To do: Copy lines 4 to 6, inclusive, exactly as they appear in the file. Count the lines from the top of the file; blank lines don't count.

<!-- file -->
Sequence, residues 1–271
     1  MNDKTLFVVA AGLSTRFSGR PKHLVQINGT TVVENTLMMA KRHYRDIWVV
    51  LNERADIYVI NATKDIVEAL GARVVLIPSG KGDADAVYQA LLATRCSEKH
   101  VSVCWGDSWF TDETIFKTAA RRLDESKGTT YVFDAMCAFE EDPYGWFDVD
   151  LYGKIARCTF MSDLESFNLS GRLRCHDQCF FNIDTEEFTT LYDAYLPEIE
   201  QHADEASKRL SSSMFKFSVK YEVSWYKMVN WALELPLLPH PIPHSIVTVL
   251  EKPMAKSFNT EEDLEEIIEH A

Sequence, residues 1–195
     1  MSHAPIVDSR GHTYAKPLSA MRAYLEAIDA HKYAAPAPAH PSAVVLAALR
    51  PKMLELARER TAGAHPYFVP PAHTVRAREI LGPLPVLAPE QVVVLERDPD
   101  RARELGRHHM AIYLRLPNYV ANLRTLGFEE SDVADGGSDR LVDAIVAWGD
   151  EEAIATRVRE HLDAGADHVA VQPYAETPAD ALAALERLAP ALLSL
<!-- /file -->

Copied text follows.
   101  VSVCWGDSWF TDETIFKTAA RRLDESKGTT YVFDAMCAFE EDPYGWFDVD
   151  LYGKIARCTF MSDLESFNLS GRLRCHDQCF FNIDTEEFTT LYDAYLPEIE
   201  QHADEASKRL SSSMFKFSVK YEVSWYKMVN WALELPLLPH PIPHSIVTVL